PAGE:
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Evan Rosen
Evan Rosen
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Supreme Court Overturns Punitive Damages Award against "Big Tobacco"

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On Tuesday, February 20th, the Supreme Court overturned a 79.5 million dollar punitive damage award against Philip Morris. The plaintiff in that case, Jesse Williams, died after years of smoking Marlboro cigarettes. His widow brought the claim arguing that the tobacco company had conducted years of fraud in purposefully marketing cigarettes as not being harmful.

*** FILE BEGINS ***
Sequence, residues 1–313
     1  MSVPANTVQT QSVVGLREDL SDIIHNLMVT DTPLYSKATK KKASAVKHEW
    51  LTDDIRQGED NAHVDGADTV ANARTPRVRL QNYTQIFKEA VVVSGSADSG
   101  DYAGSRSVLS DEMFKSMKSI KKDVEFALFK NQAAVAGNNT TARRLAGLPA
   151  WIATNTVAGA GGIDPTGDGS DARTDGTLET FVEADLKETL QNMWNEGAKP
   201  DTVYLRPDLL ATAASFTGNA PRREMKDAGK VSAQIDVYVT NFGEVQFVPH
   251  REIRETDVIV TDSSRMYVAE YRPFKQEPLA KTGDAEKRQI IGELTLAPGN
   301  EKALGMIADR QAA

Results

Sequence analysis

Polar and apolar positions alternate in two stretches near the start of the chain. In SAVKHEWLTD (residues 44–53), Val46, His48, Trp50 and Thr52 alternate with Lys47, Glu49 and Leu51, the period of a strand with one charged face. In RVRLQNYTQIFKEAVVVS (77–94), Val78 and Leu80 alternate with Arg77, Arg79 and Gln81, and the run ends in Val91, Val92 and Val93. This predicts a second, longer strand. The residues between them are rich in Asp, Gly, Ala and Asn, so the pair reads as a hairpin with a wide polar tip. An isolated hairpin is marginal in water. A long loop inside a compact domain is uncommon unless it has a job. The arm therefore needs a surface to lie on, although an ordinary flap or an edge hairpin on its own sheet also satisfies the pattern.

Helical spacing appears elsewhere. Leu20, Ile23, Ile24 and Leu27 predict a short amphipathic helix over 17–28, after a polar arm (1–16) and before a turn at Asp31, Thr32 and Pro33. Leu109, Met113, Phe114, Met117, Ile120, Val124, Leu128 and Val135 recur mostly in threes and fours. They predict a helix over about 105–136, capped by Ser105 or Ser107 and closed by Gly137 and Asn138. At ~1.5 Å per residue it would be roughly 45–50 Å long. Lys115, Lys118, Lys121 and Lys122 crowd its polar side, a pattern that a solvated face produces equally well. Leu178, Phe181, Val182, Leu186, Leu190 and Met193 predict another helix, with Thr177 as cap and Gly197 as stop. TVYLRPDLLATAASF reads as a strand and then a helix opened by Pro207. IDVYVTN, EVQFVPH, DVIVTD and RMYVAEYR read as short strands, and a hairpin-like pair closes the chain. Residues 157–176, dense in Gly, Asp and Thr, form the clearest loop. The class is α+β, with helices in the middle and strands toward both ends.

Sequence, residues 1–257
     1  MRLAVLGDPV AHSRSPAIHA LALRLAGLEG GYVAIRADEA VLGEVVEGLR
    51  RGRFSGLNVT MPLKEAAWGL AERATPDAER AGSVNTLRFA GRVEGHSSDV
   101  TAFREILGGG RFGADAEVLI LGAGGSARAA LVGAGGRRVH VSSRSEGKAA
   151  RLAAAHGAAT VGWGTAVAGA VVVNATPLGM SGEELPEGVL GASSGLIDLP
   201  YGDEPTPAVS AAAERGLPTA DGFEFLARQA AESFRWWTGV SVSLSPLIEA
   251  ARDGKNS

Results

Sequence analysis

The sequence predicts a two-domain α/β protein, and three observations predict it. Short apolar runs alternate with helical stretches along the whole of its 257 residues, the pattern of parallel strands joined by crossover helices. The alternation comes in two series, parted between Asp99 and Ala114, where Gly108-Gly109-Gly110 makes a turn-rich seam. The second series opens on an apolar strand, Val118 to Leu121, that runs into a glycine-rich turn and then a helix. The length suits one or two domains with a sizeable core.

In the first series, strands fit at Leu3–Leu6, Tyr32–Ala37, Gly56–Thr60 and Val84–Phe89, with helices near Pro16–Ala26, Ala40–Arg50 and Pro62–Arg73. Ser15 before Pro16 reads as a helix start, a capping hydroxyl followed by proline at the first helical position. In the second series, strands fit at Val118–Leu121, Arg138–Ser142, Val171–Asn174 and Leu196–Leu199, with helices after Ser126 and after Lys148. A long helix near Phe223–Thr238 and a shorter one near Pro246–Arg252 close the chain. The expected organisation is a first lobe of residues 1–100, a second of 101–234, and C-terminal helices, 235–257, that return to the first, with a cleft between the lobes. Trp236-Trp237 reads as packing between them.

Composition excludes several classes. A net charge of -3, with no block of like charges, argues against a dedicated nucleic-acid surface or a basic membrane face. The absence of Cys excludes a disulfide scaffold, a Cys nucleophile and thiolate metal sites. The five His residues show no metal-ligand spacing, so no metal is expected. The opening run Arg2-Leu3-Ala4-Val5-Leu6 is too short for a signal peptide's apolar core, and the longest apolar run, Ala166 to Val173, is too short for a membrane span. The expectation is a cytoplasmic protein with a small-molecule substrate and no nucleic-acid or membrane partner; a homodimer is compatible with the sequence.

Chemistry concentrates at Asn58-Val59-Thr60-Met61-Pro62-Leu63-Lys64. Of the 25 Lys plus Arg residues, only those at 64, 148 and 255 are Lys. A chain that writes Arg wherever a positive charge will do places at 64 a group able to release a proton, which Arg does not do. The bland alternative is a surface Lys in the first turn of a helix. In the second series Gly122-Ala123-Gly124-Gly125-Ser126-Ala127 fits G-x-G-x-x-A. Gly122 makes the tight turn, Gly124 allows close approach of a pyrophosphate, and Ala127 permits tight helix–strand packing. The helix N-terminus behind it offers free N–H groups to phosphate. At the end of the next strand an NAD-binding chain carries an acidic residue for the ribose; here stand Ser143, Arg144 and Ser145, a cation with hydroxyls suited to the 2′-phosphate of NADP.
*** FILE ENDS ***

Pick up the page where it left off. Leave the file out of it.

The original trial court jury awarded $800,000 in compensatory damages, which was later reduced to $500,000, and 79.5 million in punitive damages. The whole purpose for punitive damages is to punish defendants for conduct that is extreme and outrageous. To date, no court has set a limitation or standard on these awards and the supreme court did not do so here either. What they did do is say that in this case, that amount of punitive damages, which was 97 times the amount of compensatory damages was excessive. The supreme court agreed and the case was returned to the state level for a new trial on that issue or a reduction of the award.